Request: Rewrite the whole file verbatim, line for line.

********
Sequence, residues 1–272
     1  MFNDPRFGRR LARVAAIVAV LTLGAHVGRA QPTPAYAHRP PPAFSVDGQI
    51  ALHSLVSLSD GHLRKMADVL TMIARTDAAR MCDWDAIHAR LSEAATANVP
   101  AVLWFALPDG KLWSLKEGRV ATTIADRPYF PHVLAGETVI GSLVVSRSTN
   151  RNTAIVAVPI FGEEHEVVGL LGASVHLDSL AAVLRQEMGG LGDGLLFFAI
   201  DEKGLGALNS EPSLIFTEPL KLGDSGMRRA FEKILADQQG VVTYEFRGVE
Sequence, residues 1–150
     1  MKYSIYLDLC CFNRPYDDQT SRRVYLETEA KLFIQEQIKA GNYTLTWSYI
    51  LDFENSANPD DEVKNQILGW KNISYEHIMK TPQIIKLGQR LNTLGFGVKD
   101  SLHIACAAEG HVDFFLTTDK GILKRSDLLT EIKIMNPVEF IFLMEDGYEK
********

Sequence, residues 1–272
     1  MFNDPRFGRR LARVAAIVAV LTLGAHVGRA QPTPAYAHRP PPAFSVDGQI
    51  ALHSLVSLSD GHLRKMADVL TMIARTDAAR MCDWDAIHAR LSEAATANVP
   101  AVLWFALPDG KLWSLKEGRV ATTIADRPYF PHVLAGETVI GSLVVSRSTN
   151  RNTAIVAVPI FGEEHEVVGL LGASVHLDSL AAVLRQEMGG LGDGLLFFAI
   201  DEKGLGALNS EPSLIFTEPL KLGDSGMRRA FEKILADQQG VVTYEFRGVE
Sequence, residues 1–150
     1  MKYSIYLDLC CFNRPYDDQT SRRVYLETEA KLFIQEQIKA GNYTLTWSYI
    51  LDFENSANPD DEVKNQILGW KNISYEHIMK TPQIIKLGQR LNTLGFGVKD
   101  SLHIACAAEG HVDFFLTTDK GILKRSDLLT EIKIMNPVEF IFLMEDGYEK